The unaltered stomach contents of a dead albatross chick photographed on Midway Atoll National Wildlife Refuge in the Pacific in September 2009 include plastic marine debris fed the chick by its parents. (Chris Jordan)

Open pen aquaculture has suffered a great many criticisms these past few decades, but the most damning of all was shared with me only recently by a thoughtful New Brunswick marine biologist. As she explained it, the reason open-pen aquaculture remains so profitable, is because it’s not paying all its bills.

These pens, stuffed with salmon or trout as the case may be, don’t need regular cleaning, nor do their waters need refreshed. All their water is supplied by the ocean in which they float, and the mountains of manure, wasted food, pesticides and antibiotics moving through these pens are helpfully expunged by the workings of oceanography, spread throughout our bays and coastlines, or collecting in mounds below which no one is obligated to clean up, in spite of innumerable concerns for the health of people, fish and local ecology.

These are uncounted expenses, externalities which many industries have confidently ignored for generations, assuming the size of our blue and green globe will sort everything out in good time. It’s an old and dangerous idea which has become all the more absurd as our demands have grown on a finite planet. There are no shortage of examples.

Consider the manufacture of plastics, single-use or otherwise. The companies producing these products, in North America anyway, do so with widespread disregard for what happens after these plastics hit the market. Inevitably they are discarded where they don’t belong, filling parks and ditches, and even if they find their way into landfills we are obligated to bury them, or else allow them to disperse into our environment by way of wind or stream. The cleanup of such ecological catastrophes does not come at the expense of the manufacturer, but instead of charitable enterprises trying to engineer a solution to the impossibly difficult problem of unpolluting the remotest environments on Earth, namely our oceans.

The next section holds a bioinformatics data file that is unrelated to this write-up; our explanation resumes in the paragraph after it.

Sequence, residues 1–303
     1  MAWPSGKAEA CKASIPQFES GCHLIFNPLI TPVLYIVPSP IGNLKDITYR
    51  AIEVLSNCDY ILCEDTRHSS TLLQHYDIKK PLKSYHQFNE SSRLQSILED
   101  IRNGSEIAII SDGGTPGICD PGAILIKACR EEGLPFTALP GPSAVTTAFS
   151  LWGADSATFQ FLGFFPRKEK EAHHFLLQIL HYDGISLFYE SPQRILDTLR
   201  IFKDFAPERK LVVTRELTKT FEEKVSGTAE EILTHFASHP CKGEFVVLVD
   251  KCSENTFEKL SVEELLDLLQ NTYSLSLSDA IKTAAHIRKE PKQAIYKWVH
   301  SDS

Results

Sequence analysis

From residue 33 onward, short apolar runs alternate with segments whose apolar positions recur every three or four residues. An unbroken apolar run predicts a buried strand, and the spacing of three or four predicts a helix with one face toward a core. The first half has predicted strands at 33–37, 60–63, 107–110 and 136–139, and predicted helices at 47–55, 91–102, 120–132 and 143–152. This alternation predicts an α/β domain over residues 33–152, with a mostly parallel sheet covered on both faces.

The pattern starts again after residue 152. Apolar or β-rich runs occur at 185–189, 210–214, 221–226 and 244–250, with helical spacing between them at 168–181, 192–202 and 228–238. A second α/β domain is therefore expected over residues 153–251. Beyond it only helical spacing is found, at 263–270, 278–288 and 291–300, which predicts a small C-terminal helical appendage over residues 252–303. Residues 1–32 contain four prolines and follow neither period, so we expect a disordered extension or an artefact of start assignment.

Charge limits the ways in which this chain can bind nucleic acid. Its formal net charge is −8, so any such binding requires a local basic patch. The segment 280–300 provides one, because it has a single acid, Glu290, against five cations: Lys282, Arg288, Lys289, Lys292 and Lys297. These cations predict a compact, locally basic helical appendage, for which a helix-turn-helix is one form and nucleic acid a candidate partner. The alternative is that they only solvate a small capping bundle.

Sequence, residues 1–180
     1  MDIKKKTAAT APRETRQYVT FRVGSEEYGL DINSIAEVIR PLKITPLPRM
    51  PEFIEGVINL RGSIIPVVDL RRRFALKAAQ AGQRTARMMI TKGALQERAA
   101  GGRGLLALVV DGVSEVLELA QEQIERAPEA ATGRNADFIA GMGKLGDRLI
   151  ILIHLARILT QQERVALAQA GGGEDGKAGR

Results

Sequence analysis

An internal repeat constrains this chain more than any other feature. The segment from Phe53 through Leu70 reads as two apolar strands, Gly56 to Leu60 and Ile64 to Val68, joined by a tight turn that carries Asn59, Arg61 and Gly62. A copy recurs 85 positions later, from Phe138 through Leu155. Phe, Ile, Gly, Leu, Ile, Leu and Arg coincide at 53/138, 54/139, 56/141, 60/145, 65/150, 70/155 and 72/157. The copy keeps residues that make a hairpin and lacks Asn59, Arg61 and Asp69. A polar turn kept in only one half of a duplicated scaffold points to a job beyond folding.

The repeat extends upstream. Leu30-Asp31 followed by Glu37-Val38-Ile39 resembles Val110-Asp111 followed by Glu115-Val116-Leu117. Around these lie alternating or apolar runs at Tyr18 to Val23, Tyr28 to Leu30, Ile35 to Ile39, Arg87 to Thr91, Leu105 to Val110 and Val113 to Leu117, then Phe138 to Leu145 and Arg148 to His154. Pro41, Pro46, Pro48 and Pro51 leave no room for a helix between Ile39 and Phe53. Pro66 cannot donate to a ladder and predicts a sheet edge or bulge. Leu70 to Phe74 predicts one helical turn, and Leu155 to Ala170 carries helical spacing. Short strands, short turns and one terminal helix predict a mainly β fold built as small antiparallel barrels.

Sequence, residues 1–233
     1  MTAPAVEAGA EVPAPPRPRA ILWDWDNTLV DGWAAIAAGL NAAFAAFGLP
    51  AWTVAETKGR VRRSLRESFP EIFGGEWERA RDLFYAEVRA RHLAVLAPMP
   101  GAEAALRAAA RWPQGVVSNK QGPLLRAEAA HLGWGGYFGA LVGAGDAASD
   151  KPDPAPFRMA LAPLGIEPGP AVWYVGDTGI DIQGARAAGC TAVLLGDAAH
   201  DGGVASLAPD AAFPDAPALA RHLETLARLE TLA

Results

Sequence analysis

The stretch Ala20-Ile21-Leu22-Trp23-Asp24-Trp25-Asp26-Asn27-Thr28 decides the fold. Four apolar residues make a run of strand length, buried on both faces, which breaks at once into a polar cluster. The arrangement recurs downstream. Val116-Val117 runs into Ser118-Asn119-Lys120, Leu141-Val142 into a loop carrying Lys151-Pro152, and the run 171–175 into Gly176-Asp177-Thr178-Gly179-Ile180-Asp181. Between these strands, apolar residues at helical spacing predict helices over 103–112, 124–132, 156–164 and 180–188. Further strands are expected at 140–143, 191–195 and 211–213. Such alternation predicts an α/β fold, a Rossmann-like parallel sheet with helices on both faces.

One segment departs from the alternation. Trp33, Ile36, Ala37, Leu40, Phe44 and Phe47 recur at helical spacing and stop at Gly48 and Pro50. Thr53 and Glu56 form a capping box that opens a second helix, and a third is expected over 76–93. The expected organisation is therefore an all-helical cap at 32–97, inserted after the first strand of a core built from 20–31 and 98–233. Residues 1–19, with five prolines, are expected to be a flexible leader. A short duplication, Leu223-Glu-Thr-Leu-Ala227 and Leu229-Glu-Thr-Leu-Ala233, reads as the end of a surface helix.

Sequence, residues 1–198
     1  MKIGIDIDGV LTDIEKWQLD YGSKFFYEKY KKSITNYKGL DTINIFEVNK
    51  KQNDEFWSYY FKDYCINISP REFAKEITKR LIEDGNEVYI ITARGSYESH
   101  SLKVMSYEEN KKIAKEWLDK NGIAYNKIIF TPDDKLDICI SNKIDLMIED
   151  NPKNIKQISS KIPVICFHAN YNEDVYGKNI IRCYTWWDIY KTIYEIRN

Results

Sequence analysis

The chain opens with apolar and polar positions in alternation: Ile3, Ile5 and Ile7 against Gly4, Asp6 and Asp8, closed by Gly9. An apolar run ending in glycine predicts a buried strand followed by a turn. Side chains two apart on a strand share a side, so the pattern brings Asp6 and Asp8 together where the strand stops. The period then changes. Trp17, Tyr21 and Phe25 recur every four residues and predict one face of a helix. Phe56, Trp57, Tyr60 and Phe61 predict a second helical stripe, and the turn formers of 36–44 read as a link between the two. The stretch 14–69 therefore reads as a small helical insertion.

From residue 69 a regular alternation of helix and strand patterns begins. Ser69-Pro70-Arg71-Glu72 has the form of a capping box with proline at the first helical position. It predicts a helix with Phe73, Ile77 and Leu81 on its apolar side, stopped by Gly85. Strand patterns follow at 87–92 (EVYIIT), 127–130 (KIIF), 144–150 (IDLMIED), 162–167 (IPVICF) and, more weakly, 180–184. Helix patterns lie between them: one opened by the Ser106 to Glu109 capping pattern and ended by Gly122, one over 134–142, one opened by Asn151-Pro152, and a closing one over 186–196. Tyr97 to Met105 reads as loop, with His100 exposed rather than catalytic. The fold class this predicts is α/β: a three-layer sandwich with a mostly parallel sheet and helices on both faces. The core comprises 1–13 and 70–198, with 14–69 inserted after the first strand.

A tax on carbon is an effort to count previously uncounted costs. It’s among the simplest, most commonsense measures a government could enact because it recognizes our atmosphere as a societal asset, a public resource, into which energy and transportation companies have dumped their waste for over a century at no significant charge. This uncounted cost drives climate change, the greatest threat we as a species has ever faced and whose economic costs will be otherworldly. I’ve heard this carbon tax greeted with griping from consumers, when in fact it’s an overdo measure to balance the scales. Fossil fuel is a lucrative industry precisely because it hasn’t paid its entire bill. If your solar farm does not emit carbon and you do not dump waste into a public resource – the atmosphere – then you should have an economic advantage over industries which do. Simple as that.

When the forestry giants of Nova Scotia brazenly clearcut what remains of our shattered wilderness they pay fees for using of public lands, but these fees in no way account for the centuries it will take our forests to recover; for the loss of biodiversity which, in some cases, cannot be regained; for the plumes of carbon released from exposed and rapidly decomposing forest soils; for the washing away of soils themselves and for compromising regional water cycles.

While gauging the value of modern industries we have elected to use an outdated scoreboard, one which ignores inconvenient costs at our own peril, and I can’t help but wonder, if we as a nation, or a planet, did indeed hold industry to account for these externalities, would we find that sustainable alternatives are, by comparison, enormously affordable? Next time you hear an industry defended for its profitability, trace those dollars backward to the costs uncounted.

Zack Metcalfe is a freelance journalist, columnist and author active across the Maritimes.